Born and raised in Harlem, Lewis is central to both the development of American abstract art and to African-American art. Lewis’s life and work form a bridge between the art of the Harlem Renaissance, Abstract Expressionism, and activist art of the 1960s. A first-generation Abstract Expressionist, Lewis moved from a documentary, social realist style in the 1930s towards an increasingly abstract style in the 1940s and ’50s.  Continuing in a largely abstract style, in the 1960s Lewis painted a number of works dealing explicitly with issues of race and civil rights.

“Lewis has a rich history of being shown at the Newark Museum, and his body of work and subject matter are relevant to the Museum’s audiences and our ongoing commitment to collecting and exhibiting African-American art,” said CEO and Director Steven Kern.  Works by Lewis were included in the Newark Museum’s early exhibition American Negro Art (1944) as well as Black Artists: Two Generations (1971), all works lent by the artist. In 2004 the Museum acquired multiple works by Lewis as part of the Bequest of Irene Wheeler.

Untitled, 1953 is currently on view in the exhibition Processional: The Art of Norman Lewis, a major retrospective which opened November 13 at the Pennsylvania Academy of Fine Arts and will continue on a national tour.  When Untitled, 1953 returns in 2017, it will be installed in the Museum’s American Art gallery.

Lewis’ paintings are held in the permanent collections of many institutions, including the Museum of Modern Art, Whitney Museum of American Art, the Art Institute of Chicago, and the Smithsonian American Art Museum.

Lend your voice to the discussion about the further development of Newark’s Riverfront Park

participate cardFriends of Riverfront Park is inviting Newarkers to discuss the park’s development, the Passaic River cleanup project, and overall park stewardship at its annual public discussion on Thursday, November 19th at 6 p.m. The meeting will take place at in the Fieldhouse at Riverbank Park.

In addition to discussing Riverfront Park-related issues, attendees will also have opportunities to volunteer and become members of the Friends of Riverfront Park, which helps generate programming and promotion ideas and activity for the park. This past summer, the park hosted a packed calendar of activities including river tours, house music parties, movie screenings, chess, meetups, fitness activities, and performances.

Earlier this month, Newark voters approved a tax increase that will support the expansion of the park.

Greater Newark Conservancy earns 4-Star rating from Charity Navigator

For the third consecutive year, Greater Newark Conservancy has earned a 4-star rating for sound fiscal management from Charity Navigator, the premier charity evaluator on the U.S.

Glen Rock-based Charity Navigator has been celebrated by Time, Forbes, Business Week, Reader’s Digest and Kiplinger’s Financial Magazine for its data-driven analysis of the charitable sector, influencing billions of dollars in charitable gifts. Charity Navigator examines financial health plus accountability & transparency, with ratings that show givers how efficiently a charity will use their contributions, how well it has sustained its programs and services over time and their level of commitment to good governance, best practices and openness with information.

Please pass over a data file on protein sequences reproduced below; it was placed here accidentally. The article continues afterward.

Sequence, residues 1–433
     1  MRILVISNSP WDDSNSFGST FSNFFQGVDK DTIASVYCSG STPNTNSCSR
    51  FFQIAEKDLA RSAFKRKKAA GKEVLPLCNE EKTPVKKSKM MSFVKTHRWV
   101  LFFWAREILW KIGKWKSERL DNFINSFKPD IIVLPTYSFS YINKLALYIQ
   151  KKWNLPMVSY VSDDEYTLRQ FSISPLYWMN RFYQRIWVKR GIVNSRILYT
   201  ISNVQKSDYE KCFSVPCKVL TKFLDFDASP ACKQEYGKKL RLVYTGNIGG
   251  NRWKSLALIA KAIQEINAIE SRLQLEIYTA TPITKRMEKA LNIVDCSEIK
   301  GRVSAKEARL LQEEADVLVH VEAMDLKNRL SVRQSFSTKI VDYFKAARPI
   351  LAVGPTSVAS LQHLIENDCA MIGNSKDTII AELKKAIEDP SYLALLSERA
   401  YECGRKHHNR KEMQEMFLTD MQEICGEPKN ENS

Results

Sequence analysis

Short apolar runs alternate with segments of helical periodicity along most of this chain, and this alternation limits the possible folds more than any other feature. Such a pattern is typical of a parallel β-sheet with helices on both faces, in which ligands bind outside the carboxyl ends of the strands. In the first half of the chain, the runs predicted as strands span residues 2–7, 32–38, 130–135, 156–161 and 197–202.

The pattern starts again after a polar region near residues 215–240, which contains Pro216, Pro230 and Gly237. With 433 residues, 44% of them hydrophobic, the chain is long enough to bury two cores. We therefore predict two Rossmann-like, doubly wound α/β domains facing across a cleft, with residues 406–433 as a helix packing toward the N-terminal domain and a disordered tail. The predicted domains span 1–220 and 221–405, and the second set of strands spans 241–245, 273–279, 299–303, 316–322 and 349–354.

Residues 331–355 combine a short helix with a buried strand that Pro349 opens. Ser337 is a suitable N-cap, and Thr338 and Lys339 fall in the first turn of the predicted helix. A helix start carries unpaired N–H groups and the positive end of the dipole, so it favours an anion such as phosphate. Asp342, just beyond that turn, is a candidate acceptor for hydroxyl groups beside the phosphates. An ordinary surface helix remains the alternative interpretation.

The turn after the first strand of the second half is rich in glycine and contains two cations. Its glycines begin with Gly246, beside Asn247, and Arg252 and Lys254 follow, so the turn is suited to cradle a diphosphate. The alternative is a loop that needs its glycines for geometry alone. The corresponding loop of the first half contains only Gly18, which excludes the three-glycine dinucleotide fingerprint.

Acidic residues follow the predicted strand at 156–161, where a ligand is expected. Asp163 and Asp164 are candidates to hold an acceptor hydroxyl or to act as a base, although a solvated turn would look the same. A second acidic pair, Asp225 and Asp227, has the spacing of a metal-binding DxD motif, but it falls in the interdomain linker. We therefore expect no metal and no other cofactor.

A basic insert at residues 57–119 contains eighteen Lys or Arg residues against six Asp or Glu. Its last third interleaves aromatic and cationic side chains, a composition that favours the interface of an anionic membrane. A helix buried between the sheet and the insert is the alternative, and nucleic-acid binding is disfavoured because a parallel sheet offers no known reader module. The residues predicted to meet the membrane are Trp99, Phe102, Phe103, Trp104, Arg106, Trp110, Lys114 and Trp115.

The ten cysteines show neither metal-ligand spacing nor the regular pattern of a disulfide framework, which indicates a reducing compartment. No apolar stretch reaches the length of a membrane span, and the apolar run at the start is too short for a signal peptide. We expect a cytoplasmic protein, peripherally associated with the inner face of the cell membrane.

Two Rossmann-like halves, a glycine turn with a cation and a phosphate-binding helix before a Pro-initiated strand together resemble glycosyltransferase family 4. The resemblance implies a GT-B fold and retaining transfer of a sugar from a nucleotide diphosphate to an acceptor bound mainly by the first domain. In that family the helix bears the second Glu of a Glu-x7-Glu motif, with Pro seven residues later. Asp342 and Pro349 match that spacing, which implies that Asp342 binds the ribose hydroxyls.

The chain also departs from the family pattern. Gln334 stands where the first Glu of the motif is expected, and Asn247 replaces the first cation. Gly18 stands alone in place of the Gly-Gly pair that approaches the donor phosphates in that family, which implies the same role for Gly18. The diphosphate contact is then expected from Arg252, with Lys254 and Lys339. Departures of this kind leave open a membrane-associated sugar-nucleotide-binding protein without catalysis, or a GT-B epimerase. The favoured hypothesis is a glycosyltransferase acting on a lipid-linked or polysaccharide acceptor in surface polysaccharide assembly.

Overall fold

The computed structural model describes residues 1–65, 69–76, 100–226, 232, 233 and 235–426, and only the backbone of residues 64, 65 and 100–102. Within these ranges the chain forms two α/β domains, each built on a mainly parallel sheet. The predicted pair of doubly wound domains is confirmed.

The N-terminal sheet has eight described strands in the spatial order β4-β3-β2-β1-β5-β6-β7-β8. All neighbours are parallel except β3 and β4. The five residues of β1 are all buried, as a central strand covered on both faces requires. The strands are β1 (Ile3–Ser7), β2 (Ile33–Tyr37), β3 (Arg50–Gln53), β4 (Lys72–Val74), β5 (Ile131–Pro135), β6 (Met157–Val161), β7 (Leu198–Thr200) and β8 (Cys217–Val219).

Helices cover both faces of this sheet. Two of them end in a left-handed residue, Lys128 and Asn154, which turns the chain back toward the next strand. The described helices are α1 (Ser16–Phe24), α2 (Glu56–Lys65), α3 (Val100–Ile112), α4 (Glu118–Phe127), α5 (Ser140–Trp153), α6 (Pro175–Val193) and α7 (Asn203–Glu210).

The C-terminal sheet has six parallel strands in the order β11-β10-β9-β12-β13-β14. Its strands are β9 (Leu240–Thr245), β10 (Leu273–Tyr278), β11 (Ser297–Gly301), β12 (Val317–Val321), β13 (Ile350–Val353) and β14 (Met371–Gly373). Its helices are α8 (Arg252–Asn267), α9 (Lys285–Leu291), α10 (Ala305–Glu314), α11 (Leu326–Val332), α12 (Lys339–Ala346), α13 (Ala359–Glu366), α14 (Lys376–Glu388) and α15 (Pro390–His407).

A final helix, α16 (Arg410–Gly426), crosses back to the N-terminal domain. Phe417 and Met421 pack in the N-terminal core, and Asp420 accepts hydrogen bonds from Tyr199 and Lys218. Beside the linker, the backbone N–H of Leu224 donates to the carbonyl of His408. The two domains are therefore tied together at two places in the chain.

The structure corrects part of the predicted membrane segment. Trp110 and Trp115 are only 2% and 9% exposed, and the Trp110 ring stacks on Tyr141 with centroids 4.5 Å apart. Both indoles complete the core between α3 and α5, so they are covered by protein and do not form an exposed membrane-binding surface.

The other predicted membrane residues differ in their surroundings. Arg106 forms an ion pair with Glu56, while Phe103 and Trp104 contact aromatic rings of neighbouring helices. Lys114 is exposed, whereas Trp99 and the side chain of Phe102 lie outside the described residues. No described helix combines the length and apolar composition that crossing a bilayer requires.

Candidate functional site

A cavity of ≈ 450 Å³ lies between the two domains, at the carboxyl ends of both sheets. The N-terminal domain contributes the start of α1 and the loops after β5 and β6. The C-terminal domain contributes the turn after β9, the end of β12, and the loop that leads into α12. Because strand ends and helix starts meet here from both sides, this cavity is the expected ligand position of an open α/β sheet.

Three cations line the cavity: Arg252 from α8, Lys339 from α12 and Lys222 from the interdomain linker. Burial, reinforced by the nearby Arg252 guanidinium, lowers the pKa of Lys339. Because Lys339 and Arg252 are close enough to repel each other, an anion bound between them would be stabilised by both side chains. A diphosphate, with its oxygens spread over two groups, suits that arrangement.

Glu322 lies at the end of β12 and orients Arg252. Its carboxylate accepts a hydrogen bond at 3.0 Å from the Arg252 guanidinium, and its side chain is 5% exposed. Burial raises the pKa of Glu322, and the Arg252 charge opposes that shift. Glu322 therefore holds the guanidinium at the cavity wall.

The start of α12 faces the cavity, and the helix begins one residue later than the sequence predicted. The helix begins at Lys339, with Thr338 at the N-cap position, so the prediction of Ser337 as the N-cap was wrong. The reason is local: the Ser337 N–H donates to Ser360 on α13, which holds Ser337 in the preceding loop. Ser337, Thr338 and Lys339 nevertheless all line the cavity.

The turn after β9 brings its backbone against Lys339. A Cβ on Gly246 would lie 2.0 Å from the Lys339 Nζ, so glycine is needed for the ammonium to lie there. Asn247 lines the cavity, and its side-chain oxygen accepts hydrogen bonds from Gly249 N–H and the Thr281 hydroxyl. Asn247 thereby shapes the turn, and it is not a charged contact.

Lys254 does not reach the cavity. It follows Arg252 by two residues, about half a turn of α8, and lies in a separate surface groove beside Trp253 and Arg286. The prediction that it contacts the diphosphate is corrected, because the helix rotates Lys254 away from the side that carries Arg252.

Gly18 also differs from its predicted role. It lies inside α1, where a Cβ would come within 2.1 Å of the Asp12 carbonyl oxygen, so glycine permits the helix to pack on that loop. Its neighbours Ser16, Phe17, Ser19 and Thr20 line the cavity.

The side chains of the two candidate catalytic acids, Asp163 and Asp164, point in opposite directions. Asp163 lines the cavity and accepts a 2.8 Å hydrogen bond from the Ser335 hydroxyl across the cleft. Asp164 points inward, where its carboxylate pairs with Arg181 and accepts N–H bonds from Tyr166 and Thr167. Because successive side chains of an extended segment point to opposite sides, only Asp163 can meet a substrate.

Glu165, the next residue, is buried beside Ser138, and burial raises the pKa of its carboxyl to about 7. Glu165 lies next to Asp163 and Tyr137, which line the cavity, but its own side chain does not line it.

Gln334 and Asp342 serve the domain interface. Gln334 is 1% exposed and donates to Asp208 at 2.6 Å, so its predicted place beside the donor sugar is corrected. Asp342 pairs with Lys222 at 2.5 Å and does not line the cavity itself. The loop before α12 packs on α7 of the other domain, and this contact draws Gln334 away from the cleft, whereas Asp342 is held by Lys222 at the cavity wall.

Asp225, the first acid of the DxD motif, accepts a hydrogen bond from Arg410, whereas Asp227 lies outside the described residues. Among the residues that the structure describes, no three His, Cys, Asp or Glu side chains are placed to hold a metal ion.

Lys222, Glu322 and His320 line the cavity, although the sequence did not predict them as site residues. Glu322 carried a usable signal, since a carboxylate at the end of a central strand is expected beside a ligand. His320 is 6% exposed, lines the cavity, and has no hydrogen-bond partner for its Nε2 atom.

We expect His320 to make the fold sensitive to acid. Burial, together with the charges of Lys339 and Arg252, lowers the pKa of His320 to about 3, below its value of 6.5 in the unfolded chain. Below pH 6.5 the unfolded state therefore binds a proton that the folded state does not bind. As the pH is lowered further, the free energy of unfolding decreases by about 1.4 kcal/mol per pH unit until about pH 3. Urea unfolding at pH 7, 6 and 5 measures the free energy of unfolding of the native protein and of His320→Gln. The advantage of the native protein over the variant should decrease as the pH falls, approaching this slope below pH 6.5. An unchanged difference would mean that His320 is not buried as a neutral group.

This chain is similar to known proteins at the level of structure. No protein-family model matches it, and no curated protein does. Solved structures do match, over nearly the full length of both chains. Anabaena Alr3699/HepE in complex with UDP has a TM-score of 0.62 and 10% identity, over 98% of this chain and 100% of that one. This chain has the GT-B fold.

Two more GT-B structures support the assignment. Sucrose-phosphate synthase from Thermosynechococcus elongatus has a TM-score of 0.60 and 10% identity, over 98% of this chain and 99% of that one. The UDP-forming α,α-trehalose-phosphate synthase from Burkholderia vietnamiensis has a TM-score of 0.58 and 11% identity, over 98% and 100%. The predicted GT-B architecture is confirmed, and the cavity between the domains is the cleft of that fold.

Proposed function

“The Conservancy’s 4-star rating puts it in a very select group of high-performing charities,” stated Michael Thatcher, President & CEO of Charity Navigator. “Only 14% of the charities we rate have received at least 3 consecutive 4-star evaluations, indicating that Greater Newark Conservancy outperforms most other charities in America. This ‘exceptional’ designation from Charity Navigator differentiates the Conservancy from its peers and demonstrates to the public it is worthy of their trust.”

Founded in 1987, the Conservancy’s mission is to promote environmental stewardship to improve the quality of life in New Jersey’s urban communities through environmental education, community gardening, urban farming, beautification of neighborhoods, job training opportunities and environmental justice.

“It’s important that donors trust that we are using funding wisely to accomplish our mission,” stated Robin Dougherty, the Conservancy’s Executive Director. “We are pleased to be recognized by Charity Navigator, and thank our professional staff, board of directors, volunteers and community members who have contributed to our efforts towards making Newark a cleaner, greener and healthier place to live, to learn and to work. At this giving time of year, we hope the high marks the Conservancy has earned will encourage people who are charitably inclined to support the programs and services we provide.”

For more information about programs, services and volunteer opportunities or to make a donation, contact Greater Newark Conservancy at 973-642-4646 or visit You can also follow news from the Conservancy through social media at, plus Twitter and Instagram @Citybloom87.